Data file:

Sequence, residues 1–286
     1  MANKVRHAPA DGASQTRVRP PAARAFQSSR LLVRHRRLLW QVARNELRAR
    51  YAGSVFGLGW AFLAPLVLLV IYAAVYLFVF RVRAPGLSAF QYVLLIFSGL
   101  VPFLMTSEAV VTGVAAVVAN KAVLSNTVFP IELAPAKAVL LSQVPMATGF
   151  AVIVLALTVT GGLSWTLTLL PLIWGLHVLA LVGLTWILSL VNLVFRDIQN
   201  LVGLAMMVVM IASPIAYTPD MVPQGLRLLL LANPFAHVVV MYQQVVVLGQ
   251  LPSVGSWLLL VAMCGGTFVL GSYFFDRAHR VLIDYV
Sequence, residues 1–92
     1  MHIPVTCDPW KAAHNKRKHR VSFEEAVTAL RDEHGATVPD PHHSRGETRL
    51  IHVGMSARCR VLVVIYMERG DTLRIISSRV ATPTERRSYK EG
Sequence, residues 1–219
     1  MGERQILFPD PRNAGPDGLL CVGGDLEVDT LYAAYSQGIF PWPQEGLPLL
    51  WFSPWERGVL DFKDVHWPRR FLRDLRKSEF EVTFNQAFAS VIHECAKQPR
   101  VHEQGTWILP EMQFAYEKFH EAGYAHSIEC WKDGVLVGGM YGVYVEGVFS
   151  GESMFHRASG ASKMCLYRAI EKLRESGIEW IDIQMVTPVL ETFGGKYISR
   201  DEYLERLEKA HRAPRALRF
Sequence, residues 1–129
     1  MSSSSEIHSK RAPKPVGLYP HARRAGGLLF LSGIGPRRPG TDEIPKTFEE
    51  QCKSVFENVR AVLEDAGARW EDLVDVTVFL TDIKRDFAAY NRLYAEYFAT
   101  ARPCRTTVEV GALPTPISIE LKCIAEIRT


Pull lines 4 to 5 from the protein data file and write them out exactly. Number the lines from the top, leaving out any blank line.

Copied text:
   101  VPFLMTSEAV VTGVAAVVAN KAVLSNTVFP IELAPAKAVL LSQVPMATGF
   151  AVIVLALTVT GGLSWTLTLL PLIWGLHVLA LVGLTWILSL VNLVFRDIQN